By Angelica Senders
Contribution to the on- line consultation ‘Promoting inclusiveness in the Dutch policy agenda on trade and international cooperation, on Include knowledge platform.
Inclusive development is not only in the benefit of those previously excluded, but also makes optimal use of capacities of a broader range of people. There are serious business arguments for including women and youth in economic development. Dutch policy should promote inclusion of women and youth in business partnerships by actively supporting systematization and dissemination of experiences illustrating the business case for inclusiveness.
This has been proven in the coffee sector where the inclusion of women has had positive results.
Women form the majority of the world’s estimated 25 million coffee farmers, yet coffee is seen as a men’s crop. A sustainable supply of good quality and sufficient quantity of coffee for mainstream and specialty markets is often hampered by unequal distribution of information, labor, other resources and benefits within the coffee farming families. Women do much of the production activities, men tend to benefit more from training in sustainable coffee practices, inputs, income and other benefits derived from coffee sales. This unequal distribution leads to many inefficiencies in the coffee chain, and hampers the development of the coffee sector in general, and production in particular. These issues need to be addressed by business partners in the chain to create a sustainable increase in the production of coffee, reach better quality and thus an increase in profits.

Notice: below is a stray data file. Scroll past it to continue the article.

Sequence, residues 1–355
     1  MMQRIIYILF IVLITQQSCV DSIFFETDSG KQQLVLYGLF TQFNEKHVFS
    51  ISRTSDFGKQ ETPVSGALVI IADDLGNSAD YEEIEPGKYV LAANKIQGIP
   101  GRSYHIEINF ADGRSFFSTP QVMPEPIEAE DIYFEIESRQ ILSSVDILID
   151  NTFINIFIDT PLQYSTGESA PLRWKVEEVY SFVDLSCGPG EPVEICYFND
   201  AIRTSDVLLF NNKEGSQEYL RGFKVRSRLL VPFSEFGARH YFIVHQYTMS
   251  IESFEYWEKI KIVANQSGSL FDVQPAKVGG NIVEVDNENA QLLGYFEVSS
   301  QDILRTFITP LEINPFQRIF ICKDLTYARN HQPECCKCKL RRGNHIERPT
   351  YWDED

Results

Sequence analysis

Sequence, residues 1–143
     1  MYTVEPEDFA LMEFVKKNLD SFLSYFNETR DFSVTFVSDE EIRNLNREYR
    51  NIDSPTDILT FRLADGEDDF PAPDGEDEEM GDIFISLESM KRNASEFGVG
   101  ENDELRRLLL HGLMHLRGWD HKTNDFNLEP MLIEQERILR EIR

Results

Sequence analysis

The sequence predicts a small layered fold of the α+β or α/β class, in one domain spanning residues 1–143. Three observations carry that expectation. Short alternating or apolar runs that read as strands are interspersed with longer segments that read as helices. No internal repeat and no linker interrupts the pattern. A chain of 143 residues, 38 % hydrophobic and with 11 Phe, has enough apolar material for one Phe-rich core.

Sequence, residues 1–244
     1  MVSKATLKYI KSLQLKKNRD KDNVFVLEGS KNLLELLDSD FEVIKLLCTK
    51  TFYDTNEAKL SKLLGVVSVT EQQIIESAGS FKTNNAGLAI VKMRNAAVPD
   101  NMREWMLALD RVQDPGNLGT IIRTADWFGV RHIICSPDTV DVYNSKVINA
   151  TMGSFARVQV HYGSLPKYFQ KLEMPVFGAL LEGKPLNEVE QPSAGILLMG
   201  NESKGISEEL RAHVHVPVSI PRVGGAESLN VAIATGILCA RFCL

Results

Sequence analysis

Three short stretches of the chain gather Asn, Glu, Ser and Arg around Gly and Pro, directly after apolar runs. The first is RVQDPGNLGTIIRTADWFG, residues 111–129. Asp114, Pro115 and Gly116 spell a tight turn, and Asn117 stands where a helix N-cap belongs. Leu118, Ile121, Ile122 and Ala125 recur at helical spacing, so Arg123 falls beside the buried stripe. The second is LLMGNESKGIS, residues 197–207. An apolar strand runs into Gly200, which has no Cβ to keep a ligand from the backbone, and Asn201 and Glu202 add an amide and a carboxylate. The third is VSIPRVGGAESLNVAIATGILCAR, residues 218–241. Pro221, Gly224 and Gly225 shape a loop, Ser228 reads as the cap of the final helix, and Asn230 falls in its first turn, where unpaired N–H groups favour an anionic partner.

In order to get the buy –in of women interventions also have to address gender based constraints relating to lack of voice of women both at household and producer organization level. As long as coffee is perceived as a male crop from which only men benefit, women will not be interested in investing in the coffee production, they might even frustrate modernization of the sector, by picking and side selling (unripe) beans. Including women in coffee programs on equal footing with men offers a win-win for women, families and companies.
There are also business arguments for the inclusion of youth in the coffee sector. World-wide the average age of coffee farmers is rising, and youth lost interest in the sector. Only when youth is convinced of the profitability of modern coffee production they will be interested to invest in it. Like with women, youth’s biggest constraints need to be addressed (access to land and technology). This is in the benefit of the sector as youth is an ideal catalyst for change given their greater propensity and willingness to adopt new ideas. Successful inclusion of youth therefore also creates a win-win for young people and companies.
Dairy is another sector in which recognizing and addressing the hidden role of women contributes to modernization of the chain. In a study carried out by Silja Heyland the gender strategy of 8 dairy programs worldwide is compared.
Findings suggest that gender-inclusion contributes to a win-win situation of local business and producer households. It increases milk volume and milk quality, which enables producers to address new (formal) markets. Next to that, it supports collaboration and exchange between wife and husband. Successful gender-inclusion makes women visible as dairy producers, includes them in dairy producer organizations and develops new business opportunities.
- Coffee toolkit ‘Sustainable coffee as a family business; approaches and tools to include women and youth’ a publication by HIVOS, AgriProFocus and the Sustainable Coffee program supported by IDH/ Sustainable Trade Initiative October 2014.
- Read the full thesis of Silja Heyland for more arguments and successful strategies for a gender sensitive strategy of the dairy value chain development!
- Watch film Gender unchained, This short film gives arguments for gender inclusive value chains; illustrated with an animated cartoon on gender inclusive dairy value chain development in Nicaragua.